The number and localization of GRE in a specific promoter is highly variable. Examples of genes upregulated by GRE are tyrosine-aminotransferase, alanine-aminotransferase, and phosphoenolpyruvate-carboxykinase, all involved in gluconeogenesis of the liver [ 14 , 24 , 25 ].
The immunosuppressive anti-inflammatory effects of GC are mediated through the transrepression function of GR, whereas undesirable side effects, such as GC resistance, are thought to occur mainly through the activation of gene transcription [ 26 ].
This binding produces gene silencing by competition and displacement in the DNA of the other transcription factor [ 27 ].
An example can be found in the promoter of the osteocalcin gene. Even though GC represses one half of the genes that they regulate, it is known, only for some of these, that they are regulated by nGRE. Other genes regulated by nGRE include proopiumelanocortin, CRH, prolactin, and the serotonin neural receptor [ 14 , 23 ].
The concentration of the GR and the specific ligand it encounters, such as Dex or Corticosterone, determines negative feedback on the HPA axis [ 28 ]. GC also regulates post-transcriptional events such as protein synthesis and secretion [ 15 ].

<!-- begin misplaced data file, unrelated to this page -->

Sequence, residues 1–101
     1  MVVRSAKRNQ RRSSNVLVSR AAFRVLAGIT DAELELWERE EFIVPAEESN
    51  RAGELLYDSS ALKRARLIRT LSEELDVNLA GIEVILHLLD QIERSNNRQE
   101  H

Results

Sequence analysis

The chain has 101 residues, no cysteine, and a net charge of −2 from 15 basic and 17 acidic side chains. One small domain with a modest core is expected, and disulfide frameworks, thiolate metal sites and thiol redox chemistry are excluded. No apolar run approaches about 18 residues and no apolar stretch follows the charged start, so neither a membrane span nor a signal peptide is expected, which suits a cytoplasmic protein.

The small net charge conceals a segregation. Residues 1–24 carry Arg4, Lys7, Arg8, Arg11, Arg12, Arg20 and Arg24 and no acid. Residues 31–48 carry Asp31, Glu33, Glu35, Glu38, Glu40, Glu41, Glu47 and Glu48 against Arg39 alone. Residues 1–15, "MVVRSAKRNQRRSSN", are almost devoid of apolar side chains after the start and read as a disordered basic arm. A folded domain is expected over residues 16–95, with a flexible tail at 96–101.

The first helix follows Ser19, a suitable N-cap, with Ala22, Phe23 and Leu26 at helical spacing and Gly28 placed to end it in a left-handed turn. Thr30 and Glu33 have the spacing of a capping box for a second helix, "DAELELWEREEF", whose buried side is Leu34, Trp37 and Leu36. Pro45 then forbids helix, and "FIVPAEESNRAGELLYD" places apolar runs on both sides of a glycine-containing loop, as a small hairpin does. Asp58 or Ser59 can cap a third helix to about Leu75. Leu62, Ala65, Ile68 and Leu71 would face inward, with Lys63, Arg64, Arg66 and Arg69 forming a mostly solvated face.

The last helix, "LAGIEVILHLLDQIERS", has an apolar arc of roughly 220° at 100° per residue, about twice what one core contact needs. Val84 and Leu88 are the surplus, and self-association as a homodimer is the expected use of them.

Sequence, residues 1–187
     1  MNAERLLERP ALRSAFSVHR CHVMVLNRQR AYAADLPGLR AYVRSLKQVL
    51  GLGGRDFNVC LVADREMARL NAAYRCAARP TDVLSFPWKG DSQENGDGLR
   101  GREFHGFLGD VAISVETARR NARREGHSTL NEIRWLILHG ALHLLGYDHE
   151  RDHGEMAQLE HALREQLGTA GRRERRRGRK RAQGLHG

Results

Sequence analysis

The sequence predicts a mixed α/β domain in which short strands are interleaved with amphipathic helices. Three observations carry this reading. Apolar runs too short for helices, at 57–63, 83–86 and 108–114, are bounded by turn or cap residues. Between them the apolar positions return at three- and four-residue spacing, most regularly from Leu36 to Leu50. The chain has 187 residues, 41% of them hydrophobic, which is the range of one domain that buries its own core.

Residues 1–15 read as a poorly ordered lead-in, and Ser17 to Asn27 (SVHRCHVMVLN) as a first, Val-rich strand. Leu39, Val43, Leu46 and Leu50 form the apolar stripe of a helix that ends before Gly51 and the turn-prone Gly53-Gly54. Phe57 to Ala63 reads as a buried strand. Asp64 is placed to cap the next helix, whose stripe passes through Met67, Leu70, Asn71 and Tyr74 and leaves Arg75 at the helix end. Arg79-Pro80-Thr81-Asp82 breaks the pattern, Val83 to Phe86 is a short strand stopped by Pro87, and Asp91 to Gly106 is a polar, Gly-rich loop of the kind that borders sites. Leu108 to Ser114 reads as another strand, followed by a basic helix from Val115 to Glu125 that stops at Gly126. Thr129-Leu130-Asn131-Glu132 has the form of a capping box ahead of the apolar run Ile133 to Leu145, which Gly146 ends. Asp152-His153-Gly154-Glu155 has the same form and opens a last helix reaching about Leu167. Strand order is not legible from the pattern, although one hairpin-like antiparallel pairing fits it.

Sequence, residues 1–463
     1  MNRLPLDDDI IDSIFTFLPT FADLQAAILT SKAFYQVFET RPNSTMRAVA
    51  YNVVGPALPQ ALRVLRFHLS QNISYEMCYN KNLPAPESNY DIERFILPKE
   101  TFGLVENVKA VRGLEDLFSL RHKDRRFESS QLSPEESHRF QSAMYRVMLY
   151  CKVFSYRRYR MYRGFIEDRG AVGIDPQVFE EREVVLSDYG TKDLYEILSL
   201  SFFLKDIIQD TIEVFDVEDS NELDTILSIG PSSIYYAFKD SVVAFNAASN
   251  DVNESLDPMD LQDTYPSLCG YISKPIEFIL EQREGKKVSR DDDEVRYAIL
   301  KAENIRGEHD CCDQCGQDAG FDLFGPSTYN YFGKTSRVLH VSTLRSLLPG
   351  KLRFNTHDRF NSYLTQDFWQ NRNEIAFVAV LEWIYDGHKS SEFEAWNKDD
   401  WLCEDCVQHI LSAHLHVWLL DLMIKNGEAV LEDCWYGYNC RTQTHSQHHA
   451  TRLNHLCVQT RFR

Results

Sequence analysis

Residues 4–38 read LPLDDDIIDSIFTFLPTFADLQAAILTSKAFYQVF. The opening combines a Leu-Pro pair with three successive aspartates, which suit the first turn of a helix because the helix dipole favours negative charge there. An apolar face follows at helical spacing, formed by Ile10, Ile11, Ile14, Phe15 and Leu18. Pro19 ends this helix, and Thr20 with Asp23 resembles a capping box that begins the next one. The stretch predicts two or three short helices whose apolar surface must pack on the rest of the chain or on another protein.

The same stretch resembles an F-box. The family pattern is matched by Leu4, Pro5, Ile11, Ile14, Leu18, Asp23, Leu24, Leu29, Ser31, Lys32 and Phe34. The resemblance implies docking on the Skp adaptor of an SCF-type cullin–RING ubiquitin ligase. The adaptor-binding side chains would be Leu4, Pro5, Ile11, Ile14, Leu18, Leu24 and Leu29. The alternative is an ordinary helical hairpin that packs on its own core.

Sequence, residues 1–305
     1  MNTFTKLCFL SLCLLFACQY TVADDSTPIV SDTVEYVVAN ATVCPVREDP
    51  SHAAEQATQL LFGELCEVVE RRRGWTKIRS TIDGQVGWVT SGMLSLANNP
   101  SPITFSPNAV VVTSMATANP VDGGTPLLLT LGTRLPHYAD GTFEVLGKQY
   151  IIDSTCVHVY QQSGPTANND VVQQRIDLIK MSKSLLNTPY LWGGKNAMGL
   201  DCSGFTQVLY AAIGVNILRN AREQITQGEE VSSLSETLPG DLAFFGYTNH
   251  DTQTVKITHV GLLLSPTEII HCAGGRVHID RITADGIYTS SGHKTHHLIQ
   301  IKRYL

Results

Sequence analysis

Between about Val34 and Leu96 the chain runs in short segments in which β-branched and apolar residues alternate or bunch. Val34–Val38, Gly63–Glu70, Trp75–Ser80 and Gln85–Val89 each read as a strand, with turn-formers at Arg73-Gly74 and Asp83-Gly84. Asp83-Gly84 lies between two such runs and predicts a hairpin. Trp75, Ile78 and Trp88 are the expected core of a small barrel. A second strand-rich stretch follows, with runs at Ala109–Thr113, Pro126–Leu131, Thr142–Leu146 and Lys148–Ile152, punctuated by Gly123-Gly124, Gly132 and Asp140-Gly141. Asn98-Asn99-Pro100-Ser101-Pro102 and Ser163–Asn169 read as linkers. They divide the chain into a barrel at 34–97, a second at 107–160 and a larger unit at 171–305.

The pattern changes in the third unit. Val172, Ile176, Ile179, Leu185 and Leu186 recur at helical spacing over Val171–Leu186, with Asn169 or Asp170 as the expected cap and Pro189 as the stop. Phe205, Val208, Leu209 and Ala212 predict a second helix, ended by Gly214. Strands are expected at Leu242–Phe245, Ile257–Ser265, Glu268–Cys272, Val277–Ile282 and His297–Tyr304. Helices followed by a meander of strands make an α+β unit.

These sequences are considered important cis-elements and are the most relevant and conserved group of functional sequences associated with mRNA stability and translation. They can be found in different combinations, and occasionally the pentamer is not present [ 24 , 20 , 31 , 32 ].
The wide range of actions of steroids cannot be explained only by their nuclear effects. Therefore, the hypothesis has been postulated that they possess non-genomic effects. These latter effects would include those produced at the level of the plasma membrane and the ion channels. Non-genomic effects were defined by Losel and Wehling as any action that does not affect gene expression initially or directly, but that does induce rapid effects, such as activation of signal transduction pathways.